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I have a dataset of bimodal population. It contains a smaller peak, which is considered to be "bad", and a bigger peak. I try to separate the bad part of data from the rest of data. What I did was: first I did a kernel density estimation, then found the local maximum of this small peak, and the local minimum of the pit between two peaks, then I took the midpoint (arithmetic mean of x-coordinates) of them, and define it as a cutoff. Everything below this cutoff is considered "bad". The reason I took midpoint instead of pit is because I tried to be more conservative.

Now I would like to ask: Is what I did reasonable? If yes, how can I explain my action in a statisticians-favored manner? If not, how can I change? (Any other methods are welcome, especially those implemented in R.) Thank you!

Here's the figure.

enter image description here

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  • $\begingroup$ how did you do to found the local maximum of this small peak, and the local minimum of the pit between two peaks? $\endgroup$
    – Lea
    Oct 5, 2013 at 16:40

3 Answers 3

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You could fit a two-component mixture model using http://cran.r-project.org/web/packages/mixtools/index.html. Try using normalmixEM. You could then follow Erich Schubert's suggestions and find the region where Pr[data point was generated from the component with the smaller mean] >= 0.50.

Edit: example R code:

library(mixtools)

simulate <- function(lambda=0.3, mu=c(0, 4), sd=c(1, 1), n.obs=10^5) {
    x1 <- rnorm(n.obs, mu[1], sd[1])
    x2 <- rnorm(n.obs, mu[2], sd[2])    
    return(ifelse(runif(n.obs) < lambda, x1, x2))
}

x <- simulate()

model <- normalmixEM(x=x, k=2)
index.lower <- which.min(model$mu)  # Index of component with lower mean

find.cutoff <- function(proba=0.5, i=index.lower) {
    ## Cutoff such that Pr[drawn from bad component] == proba
    f <- function(x) {
        proba - (model$lambda[i]*dnorm(x, model$mu[i], model$sigma[i]) /
                     (model$lambda[1]*dnorm(x, model$mu[1], model$sigma[1]) + model$lambda[2]*dnorm(x, model$mu[2], model$sigma[2])))
        }
        return(uniroot(f=f, lower=-10, upper=10)$root)  # Careful with division by zero if changing lower and upper
}

cutoffs <- c(find.cutoff(proba=0.5), find.cutoff(proba=0.75))  # Around c(1.8, 1.5)

hist(x)
abline(v=cutoffs, col=c("red", "blue"), lty=2)
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  • $\begingroup$ This is excellent. However, could you explain why there are two cutoffs, rather than just a single value for which $P(Distribution_1) = P(Distribution_2) = .5$? $\endgroup$
    – Eoin
    May 14, 2014 at 20:41
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    $\begingroup$ Too late to Edit: I figured it out (I think) - the first value is the 50/50 probability, the second is 75/25, set by the values passed to find.cutoff. $\endgroup$
    – Eoin
    May 14, 2014 at 21:14
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    $\begingroup$ That's right. The function find.cutoff(prob) gives you a point at which there is a a given probability that the observation was drawn from the lower component, i.e. it returns the x such that Pr[X came from lower component | X=x] = prob. $\endgroup$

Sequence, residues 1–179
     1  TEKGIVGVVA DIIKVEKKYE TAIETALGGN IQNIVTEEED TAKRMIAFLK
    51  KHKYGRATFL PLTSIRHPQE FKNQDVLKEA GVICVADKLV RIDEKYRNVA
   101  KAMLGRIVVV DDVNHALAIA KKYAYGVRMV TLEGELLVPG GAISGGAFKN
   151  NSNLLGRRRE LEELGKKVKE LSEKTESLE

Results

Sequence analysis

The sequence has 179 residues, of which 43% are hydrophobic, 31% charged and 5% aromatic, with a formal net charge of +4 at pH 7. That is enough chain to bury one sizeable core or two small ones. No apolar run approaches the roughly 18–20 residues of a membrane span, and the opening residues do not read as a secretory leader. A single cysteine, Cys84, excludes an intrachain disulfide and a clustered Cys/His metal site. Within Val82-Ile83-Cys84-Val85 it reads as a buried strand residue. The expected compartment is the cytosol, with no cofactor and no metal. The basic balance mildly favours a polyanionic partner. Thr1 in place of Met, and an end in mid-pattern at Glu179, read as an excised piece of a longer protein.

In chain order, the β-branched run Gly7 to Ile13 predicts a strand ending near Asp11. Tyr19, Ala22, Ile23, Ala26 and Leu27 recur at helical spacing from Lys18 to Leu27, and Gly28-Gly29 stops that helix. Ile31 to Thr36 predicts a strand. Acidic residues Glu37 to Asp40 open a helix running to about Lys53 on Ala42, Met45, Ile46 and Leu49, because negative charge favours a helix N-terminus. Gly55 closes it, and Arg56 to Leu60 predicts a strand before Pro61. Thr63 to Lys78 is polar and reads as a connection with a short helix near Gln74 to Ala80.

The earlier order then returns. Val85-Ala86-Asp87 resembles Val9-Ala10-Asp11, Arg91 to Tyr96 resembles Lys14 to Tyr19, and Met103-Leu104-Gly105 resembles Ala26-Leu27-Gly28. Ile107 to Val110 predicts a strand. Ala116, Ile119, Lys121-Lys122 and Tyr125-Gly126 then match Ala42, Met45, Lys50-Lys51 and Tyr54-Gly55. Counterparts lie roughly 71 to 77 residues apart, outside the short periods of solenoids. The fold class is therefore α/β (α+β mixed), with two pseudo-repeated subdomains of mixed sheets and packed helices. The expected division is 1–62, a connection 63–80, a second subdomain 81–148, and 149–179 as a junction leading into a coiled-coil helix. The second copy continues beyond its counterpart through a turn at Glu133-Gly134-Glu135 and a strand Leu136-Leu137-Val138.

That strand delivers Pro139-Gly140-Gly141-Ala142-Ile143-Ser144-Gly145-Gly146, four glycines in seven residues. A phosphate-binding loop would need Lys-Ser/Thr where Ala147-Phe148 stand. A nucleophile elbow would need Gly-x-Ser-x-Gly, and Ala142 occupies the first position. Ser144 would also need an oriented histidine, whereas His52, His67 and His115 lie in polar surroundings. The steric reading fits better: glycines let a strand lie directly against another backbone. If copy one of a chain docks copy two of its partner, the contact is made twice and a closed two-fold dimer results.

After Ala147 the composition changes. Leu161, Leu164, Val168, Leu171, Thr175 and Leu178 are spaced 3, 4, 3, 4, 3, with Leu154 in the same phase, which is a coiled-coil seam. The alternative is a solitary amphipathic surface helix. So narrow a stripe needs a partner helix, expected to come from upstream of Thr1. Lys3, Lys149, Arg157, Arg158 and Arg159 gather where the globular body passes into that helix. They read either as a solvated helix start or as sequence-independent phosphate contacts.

– Adrian
    May 15, 2014 at 7:59
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It would probably make more sense if you also estimated the "height" (actually, more of a weight) of both, and then set the threshold to the tipping point.

I.e. model the data as $$p_1 \cdot pdf(x, \mu_1, \sigma_1) + p_2 \cdot pdf(x, \mu_2, \sigma_2)$$

and set the threshold to $x$ where $$p_1 \cdot pdf(x, \mu_1, \sigma_1) = p_2 \cdot pdf(x, \mu_2, \sigma_2)$$

i.e. the object has the same chance of belonging to both classes.

You can still add a parameter to tune how conservative your method is, e.g. using $$p_1 \cdot pdf(x, \mu_1, \sigma_1) = c\cdot p_2 \cdot pdf(x, \mu_2, \sigma_2)$$

where $c=2$ would put double weight on the second distribution.

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  • $\begingroup$ Thank you Erich! This is a good piece of advice! Can you elaborate a bit how I can calculate tipping point (inflection point?)? I use R. The turning points are computed using the "pastecs" package. However I Googled but couldn't find a package to compute tipping points of a density function. $\endgroup$
    – 琼 朱
    May 3, 2013 at 19:41
  • $\begingroup$ It's not a technical term. Does the turning point work for you? $\endgroup$ May 6, 2013 at 7:10
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I am using this example and I sometimes get this error

Error in uniroot(f = f, lower = -10, upper = 10) : f() values at end points not of opposite sign

and so i changed the lower to -1 and for some of the datasets it fixed it, but still errors out on others. Not sure if that can be dynamically set based on the input vector (i.e., x) ?

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    $\begingroup$ Welcome @StudentofScience. Not sure whether this constitutes an answer to the OP's question. Would you mind giving more explanation about your idea and how this adresses the question? $\endgroup$
    – Momo
    Dec 3, 2013 at 9:52
  • $\begingroup$ Hi, I did not have enough rep to add a comment to ask Adrian but it helps in making the answer better i believe because the answer hit an error. $\endgroup$ Dec 4, 2013 at 6:27

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